Gabi : 28 days later
This week is my 1 month anniversary with India. I’m sure that, those reading my Debby Downer blog posts, will have realized, this shit is hard. So much more tiring than I thought possible. Added to practice, I have been writing my thesis (stupid thesis). So I’m pretty well physically, mentally, emotionally spent right now. And then, to add insult to injury, the girls leave. I’m getting a bit teary writing this. Such a sook. Biannka and Mel have been such a wonderful support. Its not as if we spent every waking minute together, in fact there were days where I didn’t see either or them. Or Chris or Dani. But I knew that they were here, and we would have lunch or coffee and laugh and gossip about what so and so did today or how we were feeling in our life, in our bodies, in our practice. But now they have gone, and soon Dani will leave too and I will be the only Queenslander left (Even if I am a Victorian). So this past weekend I did three things that are a first for me in India. 1. I went to an Indian music concert, 2. I did a tourist tour, 3. I went shopping.
Indian music. Blaaaaarghh. I went to a kirtan (devotional call and response music) and hated it. The woman was screechy, the tunes were monotonous, the people weren’t actually feeling the music. This has been my only experience of Indian music. And then there was the tabla and the sittar. My god. I loved it. I went along on a whim and and ended up recording the whole of the concert on my phone. I am listening to it right now actually. It was so beautiful. I walked out of the concert with a smile on my face and a tune in my heart (pun!! Sorry, had to).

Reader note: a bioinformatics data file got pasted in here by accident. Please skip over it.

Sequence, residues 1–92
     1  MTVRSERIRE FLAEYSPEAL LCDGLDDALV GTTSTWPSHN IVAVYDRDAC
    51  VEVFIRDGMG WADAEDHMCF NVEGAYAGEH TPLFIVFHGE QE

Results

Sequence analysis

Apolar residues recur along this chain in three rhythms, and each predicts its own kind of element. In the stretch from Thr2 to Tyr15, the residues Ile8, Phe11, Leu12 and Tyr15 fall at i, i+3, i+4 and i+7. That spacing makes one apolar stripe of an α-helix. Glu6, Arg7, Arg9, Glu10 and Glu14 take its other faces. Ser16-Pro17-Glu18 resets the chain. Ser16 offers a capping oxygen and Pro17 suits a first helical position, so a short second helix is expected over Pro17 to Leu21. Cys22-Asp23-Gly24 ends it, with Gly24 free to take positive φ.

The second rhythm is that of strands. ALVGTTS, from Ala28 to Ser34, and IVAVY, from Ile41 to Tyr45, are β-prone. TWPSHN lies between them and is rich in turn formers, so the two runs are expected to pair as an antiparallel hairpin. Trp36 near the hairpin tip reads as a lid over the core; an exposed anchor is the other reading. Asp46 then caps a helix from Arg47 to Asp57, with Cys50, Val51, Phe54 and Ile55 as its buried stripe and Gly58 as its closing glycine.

On being a tourist. I hate being a tourist. I’ve always preferred just to wander, to see and experience the place I’m in. But I had nothing to do and my crazy ex-land lady was threatening to take me out somewhere. I signed up. Do yourself a favour. If you ever come to Mysore, take the time to visit these places. Somnathpur, Talakad, Shivanasamudra and the Big Banyan Tree. Somnathpur is a Hoysala dynasty temple devoted to Vishnu. It was desecrated by invading Moghul forces, so is no longer an active temple. In Hinduism, once a temple or idol is broken it is no longer worshipped at. The break can be something as simple as a broken off toe from an idol. The temple itself is still amazingly beautiful. The carving is so detailed and wonderful. Talakad is another series of temples. This time one devoted to Vishnu and another to Shiva, and they are active temples. The catch is, they haven’t been for the past 800+ years. The Shiva temple is actually closer to 2000 years old. The story goes that the wife of the Raja near Talakad put a curse on the area and said “Let Talakad be covered in sand”. It was. The area is still be excavated and the archaeologists are constantly finding idols and bits of carvings. The history in these buildings is incredible. I got a kick out of the fact that 2000 years ago there were cows and elephants. At least they featured in the carvings. Intellectually I know they existed, but it was still cool. Shivanasamudra is not a temple as such. Its actually a water fall. It’s a part of the Kavery River, and is considered scared, but there aren’t any priests or people worshipping. It is gorgeous. Think Alligator creek or Crystal creek, but massive. The falls weren’t in flood, but there was still moving water and the water is clean enough for there to be heaps of bugs and fish. Finally, on the way back we stopped at the Big Banyan Tree, just outside Mysore. The tree is 500+ years old. There are idols placed around the tree and it is thought that it was the sight of some pagan god that Hinduism has absorbed. There is a man there whose family has been caretaker of the tree for 5 generations. Seeing such a beautiful tree, being taken care of so close to an Indian metropolis was lovely. So that was my first touristy activity in Mysore.